Most posts on the CFHA Blog describe integration into primary care settings. Many of these services are provided through collaboration with the community behavioral health center. Or, in some communities the integration happens in reverse, by integrating primary care services into the existing community behavioral health center. This blog examines integrated care from the perspective of the community behavioral health center.
Of the many challenges in integrating primary care services into behavioral health organizations, the one that garners the most apprehension and concern is sustainability. It is also the most frequent reason for hesitation in moving forward. Healthcare is not set up to address this. Primary care and behavioral health have different billing codes with no easily decipherable means of venturing outside the confines to include payment for integrated services. The mere thought of the process required to begin to tear down the barriers separating the two worlds strikes fear in the hearts of the most courageous administrators.
Healthcare administrators are presented with conflicting demands and are struggling to reconcile the next step. They can:
- Ignore the ever increasing focus on healthcare integration and hope it is just another passing fad; or
- Place even more burden on the ever-shrinking budgets and hope for the best.
Let’s take a closer look at the options:
Ignoring healthcare integration seems like the easiest solution. Behavioral health administrators can align themselves with like-minded peers creating a support group who reinforces the notion that it will all just fade away if they merely wait it out. This group gets considerable pleasure in observing the early adopters from a distance, filled with certainty that these risk-takers are all making huge mistakes. They pat themselves on the back encouragingly as they watch their naïve peers make the occasional fumble, while attributing any successes they might have to sheer (unsustainable) luck.
Over-burdening the current budget seems to be irresponsible. Behavioral health administrators have been faced with budget cuts in unprecedented amounts over the past few years. While they have either become masters at doing more with less or have chosen to leave the field entirely, taking on a new business-line during the increasing uncertainty of their organizations’ financial states seems to be overly risky and counterintuitive.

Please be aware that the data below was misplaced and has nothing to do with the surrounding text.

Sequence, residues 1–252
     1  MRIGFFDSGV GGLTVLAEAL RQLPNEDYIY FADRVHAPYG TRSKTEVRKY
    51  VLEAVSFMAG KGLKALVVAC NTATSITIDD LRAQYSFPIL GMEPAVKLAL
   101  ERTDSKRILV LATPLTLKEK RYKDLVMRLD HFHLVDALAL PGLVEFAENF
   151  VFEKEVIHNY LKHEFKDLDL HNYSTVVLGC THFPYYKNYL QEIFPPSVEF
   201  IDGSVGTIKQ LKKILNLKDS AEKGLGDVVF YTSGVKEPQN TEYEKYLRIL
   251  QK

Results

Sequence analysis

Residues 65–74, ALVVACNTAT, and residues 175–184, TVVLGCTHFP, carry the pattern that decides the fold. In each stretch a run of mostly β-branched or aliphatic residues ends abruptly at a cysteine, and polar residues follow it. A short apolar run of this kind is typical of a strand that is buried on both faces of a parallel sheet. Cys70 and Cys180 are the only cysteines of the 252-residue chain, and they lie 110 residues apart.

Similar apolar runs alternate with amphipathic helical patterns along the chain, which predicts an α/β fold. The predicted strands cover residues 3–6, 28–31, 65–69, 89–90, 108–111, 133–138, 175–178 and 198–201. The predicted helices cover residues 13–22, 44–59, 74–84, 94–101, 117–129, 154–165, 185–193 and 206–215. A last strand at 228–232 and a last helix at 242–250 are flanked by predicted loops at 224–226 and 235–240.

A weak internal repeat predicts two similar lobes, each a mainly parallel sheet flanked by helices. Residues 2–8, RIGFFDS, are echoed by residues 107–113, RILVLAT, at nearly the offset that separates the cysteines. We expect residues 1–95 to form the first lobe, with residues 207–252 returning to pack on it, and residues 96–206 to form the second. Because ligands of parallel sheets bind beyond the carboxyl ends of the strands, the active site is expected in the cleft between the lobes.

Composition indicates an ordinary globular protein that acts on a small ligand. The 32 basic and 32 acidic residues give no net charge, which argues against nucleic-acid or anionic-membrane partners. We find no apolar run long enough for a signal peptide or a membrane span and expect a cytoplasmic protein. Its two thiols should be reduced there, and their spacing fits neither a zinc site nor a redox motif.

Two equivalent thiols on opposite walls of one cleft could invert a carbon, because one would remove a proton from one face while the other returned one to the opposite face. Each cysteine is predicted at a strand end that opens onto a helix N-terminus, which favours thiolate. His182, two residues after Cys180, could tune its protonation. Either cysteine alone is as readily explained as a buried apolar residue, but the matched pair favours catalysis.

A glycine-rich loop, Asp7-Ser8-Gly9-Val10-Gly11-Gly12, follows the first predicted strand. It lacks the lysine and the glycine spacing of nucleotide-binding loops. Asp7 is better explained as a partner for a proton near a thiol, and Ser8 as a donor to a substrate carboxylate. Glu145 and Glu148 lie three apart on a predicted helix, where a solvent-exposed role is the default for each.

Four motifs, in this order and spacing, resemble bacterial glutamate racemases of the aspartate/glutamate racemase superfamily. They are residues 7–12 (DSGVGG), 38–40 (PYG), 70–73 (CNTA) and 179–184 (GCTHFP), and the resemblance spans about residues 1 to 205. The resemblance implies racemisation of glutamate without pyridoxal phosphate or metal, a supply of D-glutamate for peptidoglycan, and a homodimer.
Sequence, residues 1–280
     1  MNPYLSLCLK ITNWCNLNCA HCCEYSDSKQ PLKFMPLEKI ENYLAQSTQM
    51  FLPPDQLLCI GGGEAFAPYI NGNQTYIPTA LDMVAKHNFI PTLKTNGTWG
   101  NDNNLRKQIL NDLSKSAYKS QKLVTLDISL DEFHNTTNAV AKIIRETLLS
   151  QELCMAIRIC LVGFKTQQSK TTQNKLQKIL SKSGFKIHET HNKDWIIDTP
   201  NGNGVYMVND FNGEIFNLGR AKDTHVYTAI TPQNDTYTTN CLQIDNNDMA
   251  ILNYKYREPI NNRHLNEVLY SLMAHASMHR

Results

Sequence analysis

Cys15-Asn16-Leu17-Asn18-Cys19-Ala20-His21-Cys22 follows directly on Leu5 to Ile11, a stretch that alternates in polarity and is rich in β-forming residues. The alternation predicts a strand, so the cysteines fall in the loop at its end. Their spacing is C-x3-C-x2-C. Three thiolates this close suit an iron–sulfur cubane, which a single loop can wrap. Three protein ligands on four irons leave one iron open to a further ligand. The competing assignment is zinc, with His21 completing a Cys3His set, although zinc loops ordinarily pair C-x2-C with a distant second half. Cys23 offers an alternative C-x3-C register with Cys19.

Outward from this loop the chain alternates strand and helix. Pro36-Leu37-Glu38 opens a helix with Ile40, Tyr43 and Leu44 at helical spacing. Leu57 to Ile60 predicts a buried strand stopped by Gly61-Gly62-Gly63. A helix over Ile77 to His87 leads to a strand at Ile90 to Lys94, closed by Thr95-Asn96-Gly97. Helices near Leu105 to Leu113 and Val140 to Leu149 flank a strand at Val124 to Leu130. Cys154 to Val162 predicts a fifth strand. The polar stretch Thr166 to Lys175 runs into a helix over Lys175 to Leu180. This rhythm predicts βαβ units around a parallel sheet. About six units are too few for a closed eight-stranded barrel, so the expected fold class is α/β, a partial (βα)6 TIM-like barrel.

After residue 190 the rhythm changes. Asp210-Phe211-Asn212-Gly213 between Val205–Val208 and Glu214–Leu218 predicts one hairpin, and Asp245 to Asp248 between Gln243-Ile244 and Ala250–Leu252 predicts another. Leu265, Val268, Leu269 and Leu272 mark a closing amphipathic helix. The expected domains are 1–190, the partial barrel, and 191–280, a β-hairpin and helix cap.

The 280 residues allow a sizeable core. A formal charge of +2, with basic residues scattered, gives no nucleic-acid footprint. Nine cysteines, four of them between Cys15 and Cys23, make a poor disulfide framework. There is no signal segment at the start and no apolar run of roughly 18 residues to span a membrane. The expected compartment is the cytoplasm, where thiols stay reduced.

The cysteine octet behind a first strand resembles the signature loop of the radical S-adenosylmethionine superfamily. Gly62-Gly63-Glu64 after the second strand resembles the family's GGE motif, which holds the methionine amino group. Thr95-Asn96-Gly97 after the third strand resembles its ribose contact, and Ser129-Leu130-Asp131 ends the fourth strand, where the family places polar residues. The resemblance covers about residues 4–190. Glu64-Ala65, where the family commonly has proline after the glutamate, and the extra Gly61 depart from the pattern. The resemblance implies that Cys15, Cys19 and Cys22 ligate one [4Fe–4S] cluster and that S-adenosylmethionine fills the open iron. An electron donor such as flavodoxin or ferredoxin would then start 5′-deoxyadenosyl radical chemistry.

Yet the pressure is on.
Nationally, more and more behavioral health conferences are featuring healthcare integration tracks. The same is becoming true of primary care conferences and conventions as well. With more and more research and reports being released that provide the necessary data to support the need for integration, it’s becoming more and more difficult to write it off as a passing fad. The recent report from the SAMHSA-sponsored, National Survey on Drug Use and Health, Physical Health Conditions among Adults with Mental Illnesses provides further evidence supporting earlier reports demonstrating the need for integration.
The current model of providing behavioral healthcare may be on its way to becoming obsolete. Now is the time for behavioral healthcare administrators to begin the discussion of how to address the whole-health needs of the people they serve. Whether through collaborative partnership agreements or bi-directional integration with primary care organizations, or hiring primary care staff for expanding to fully integrated services, this issue can no longer be ignored. There are many changes that can be implemented right away (focusing on billing codes and maximizing billing opportunities) while others will require advocating changes at the state and federal level. (Click here for helpful billing tools created by the SAMHSA-HRSA Center for Integrated Health Solutions.) Daunting though this may seem, the climate is right for these discussions with your state Medicaid and behavioral health offices. They are faced with the task of making the necessary changes to move into the new era of healthcare integration. Strategically, it’s far better to be a part of discussions on creating this new structure than to have it imposed on your organizations. The Georgia Association of Community Services Boards has partnered with the Carter Center to create a forum for change in Georgia via their Integrative Healthcare Learning Collaborative. Not only have they included the public behavioral health providers and their primary care partners, they also have representation from the Georgia Primary Care Association and area medical schools. They recognize that in order to develop sustainable programs everyone must be at the table.
Let’s not lose sight of the goal: we must work together to make a difference in improving health outcomes of the people we serve. We CAN ensure that the margin is there to continue the mission. Be a part of the solution!
What are your strategies for sustaining healthcare integration?
I'd love to hear from you. Please enter your comments/suggestions/ideas below or email: firstname.lastname@example.org.
Cheryl Holt, MA, NCP, BCCP
currently serves as the Director of Training and Technical Assistance
with SAMHSA-HRSA Center for Integrated Health Solutions for the National
Council for Community Behavioral Healthcare. She is moderator of the
Behavioral Health – Primary Care Integration Listserv, manages the
Behavioral Health Integration blog, and is active in social media:
Twitter, @cherylholt and @BHPCIntegration; and Facebook, Behavioral